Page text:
Different Types of Walking Stick for Hiking
While there is not a huge amount of basic differences in walking sticks, they have developed somewhat with the times. There are two main types, rigid or collapsible walking sticks, with a vast array of extra options that can be combined for a highly individualized modern hiking stick.
Or you can keep things simple with a plain old wooden staff or stick as in the picture above. Your choice will depend upon your needs, your personal preferences and how you intend on using your walking stick when you’re out hiking.
Rigid Walking Sticks
Rigid walking sticks provide extra stability and you don’t have to worry about not extending them fully, and risking them folding up or an internal mechanism breaking.
Simple and easy to use, they range from tree branches to more modern cutting-edge carbon fiber designs with additional features. Due to their rigid nature they can be difficult to transport and carry when not in use.
Collapsible Walking Sticks
If you like the idea of using a walking stick for certain types of terrain, but don’t want the hassle of carrying one throughout your whole hike, you may like to try out using a collapsible walking stick.
The two most popular choices are telescoping walking sticks, where the pole collapses internally and the sections retract within one another and z-style sticks, where the walking stick is held together by the tension in an internal cable that can be relaxed allowing the stick to “fold” into sections.
Collapsible walking sticks are easier to pack and store, however, you can run into problems if their mechanism for collapsing or locking into place stops functioning.
Once you’ve decided on either a rigid or a collapsible model, there are plenty of additional features that you may or may not wish to combine.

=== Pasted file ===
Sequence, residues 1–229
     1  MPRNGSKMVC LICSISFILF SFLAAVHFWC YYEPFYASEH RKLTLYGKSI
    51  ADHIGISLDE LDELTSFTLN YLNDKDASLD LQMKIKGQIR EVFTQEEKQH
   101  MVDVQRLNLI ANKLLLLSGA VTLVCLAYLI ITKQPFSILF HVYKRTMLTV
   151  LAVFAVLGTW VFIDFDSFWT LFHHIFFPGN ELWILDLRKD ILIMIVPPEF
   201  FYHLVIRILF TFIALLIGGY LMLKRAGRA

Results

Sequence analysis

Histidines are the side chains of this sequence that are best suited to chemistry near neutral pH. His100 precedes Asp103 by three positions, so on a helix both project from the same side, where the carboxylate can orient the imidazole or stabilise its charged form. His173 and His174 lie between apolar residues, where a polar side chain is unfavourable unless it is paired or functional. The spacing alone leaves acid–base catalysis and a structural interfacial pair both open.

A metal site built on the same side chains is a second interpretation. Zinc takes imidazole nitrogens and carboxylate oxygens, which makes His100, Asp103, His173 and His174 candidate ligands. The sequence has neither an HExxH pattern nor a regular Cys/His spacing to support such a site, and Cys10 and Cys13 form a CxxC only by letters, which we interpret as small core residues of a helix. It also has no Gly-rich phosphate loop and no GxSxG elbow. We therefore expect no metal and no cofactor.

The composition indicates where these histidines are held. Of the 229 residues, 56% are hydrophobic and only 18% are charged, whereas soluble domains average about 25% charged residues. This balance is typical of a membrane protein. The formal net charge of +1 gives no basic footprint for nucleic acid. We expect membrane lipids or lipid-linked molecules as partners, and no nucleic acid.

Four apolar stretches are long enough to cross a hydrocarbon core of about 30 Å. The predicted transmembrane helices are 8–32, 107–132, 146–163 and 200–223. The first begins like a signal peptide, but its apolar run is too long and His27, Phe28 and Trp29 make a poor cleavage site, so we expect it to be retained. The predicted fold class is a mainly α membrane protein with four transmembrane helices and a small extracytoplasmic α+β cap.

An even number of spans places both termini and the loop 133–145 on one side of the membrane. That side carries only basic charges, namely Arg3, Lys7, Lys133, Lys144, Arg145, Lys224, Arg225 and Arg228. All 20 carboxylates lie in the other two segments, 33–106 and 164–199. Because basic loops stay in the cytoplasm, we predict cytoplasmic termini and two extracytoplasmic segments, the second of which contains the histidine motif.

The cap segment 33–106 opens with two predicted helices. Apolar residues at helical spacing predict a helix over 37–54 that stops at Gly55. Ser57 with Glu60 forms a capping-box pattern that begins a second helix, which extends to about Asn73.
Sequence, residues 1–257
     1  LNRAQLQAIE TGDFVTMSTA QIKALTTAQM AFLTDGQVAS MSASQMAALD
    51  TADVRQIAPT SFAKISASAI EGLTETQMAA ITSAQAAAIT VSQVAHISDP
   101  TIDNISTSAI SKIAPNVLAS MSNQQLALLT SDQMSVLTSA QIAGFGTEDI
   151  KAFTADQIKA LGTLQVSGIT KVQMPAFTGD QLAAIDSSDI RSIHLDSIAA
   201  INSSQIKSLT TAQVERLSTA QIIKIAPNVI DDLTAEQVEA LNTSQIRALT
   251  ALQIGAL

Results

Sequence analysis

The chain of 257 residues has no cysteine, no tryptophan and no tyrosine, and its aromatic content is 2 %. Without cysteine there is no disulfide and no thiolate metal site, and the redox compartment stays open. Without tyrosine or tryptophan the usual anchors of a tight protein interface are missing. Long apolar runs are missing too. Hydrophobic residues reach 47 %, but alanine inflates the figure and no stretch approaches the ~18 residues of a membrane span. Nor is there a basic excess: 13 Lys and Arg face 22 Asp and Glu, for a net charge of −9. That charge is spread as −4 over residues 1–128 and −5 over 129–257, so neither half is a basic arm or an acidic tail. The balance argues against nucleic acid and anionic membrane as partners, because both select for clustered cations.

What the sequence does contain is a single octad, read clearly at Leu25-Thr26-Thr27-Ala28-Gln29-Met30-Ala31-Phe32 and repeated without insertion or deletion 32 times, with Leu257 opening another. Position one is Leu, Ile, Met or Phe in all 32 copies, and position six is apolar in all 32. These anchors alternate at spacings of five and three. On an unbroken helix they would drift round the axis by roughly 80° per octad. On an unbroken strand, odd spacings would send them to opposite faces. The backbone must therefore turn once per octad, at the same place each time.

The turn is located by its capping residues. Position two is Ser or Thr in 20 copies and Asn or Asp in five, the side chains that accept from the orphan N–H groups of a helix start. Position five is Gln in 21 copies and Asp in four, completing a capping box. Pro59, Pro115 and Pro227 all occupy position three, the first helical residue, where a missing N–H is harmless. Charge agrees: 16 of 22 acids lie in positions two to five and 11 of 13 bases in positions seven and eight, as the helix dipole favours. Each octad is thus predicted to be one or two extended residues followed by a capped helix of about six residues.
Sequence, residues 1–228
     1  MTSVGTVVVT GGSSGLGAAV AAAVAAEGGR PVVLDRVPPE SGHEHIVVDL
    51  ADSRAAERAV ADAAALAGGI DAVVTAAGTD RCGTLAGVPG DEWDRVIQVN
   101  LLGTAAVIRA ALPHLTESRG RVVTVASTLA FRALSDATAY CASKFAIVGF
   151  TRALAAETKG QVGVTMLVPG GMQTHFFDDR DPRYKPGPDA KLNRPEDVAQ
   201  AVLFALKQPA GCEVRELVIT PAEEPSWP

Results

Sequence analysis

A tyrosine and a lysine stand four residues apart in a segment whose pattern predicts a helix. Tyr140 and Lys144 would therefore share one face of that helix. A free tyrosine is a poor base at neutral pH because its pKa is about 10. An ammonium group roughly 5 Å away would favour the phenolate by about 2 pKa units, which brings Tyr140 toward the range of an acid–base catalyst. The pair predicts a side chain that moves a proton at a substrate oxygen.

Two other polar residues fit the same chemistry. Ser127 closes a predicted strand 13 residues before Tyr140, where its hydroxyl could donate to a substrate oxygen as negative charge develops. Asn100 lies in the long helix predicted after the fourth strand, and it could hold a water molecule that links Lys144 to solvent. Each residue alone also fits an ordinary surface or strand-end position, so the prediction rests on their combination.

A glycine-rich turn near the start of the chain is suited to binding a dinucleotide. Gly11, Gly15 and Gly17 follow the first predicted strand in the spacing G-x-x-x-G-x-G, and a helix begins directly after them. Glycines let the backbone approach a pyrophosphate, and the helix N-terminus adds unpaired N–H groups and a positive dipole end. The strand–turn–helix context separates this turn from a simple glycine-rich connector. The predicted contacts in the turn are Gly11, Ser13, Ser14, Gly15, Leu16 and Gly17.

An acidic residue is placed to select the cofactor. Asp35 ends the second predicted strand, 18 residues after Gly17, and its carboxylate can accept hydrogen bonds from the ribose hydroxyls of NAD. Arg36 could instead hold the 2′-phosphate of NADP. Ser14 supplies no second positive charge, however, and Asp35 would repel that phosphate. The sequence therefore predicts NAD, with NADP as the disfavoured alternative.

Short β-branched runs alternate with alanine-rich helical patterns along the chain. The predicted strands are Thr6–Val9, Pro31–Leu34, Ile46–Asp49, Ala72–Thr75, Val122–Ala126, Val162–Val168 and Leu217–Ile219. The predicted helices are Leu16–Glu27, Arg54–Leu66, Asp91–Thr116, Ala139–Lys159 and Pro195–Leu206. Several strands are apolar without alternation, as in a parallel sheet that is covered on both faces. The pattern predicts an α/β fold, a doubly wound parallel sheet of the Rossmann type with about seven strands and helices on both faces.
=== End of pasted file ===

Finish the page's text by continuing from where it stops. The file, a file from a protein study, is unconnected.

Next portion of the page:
- Material – From traditional wooden staffs to carbon fiber and various alloys, there are plenty of different choices each with their own advantages.
- Adjustability – Some poles can be easily adjusted to accommodate a range of different heights. You may also want to adjust your walking stick to better deal with steep ascents or descents, a longer stick will be better for downhill, while shortening your stick can make uphill climbs easier.
- Lightweight – Some people prefer heavy, sturdy sticks, others lightweight models. Given the strength in today’s modern compound models, you can have the best of both worlds. It really comes down to a matter of personal preference.
- Shock Absorbers – some walking sticks have a shock absorber at their lower end. This can be useful for downhill stretches and for anyone with any lingering injuries.
- Camera Mount – Monopod camera mount walking sticks save you from dragging a heavy, cumbersome tripod out with you into the wilderness. You can also find walking sticks with mobile phone attachments for the ultimate selfie at the end of your summit climb.
- Handles and Grips – whether you prefer a t-shaped handle, no handle or a cork grip for use in hot weather, there’s plenty of different options available.
So there you have it, we’ve taken the mystery out of how to use a walking stick for hiking.
Even if you’re not too sure whether using a hiking staff is quite for you, the next time you’re headed out over difficult terrain, you might like to try one out and see whether using a walking stick for hiking could make your hikes more enjoyable.
Personally, I prefer hiking poles, they are versatile and easy to use, but traditional walking sticks have their place on the trail for sure.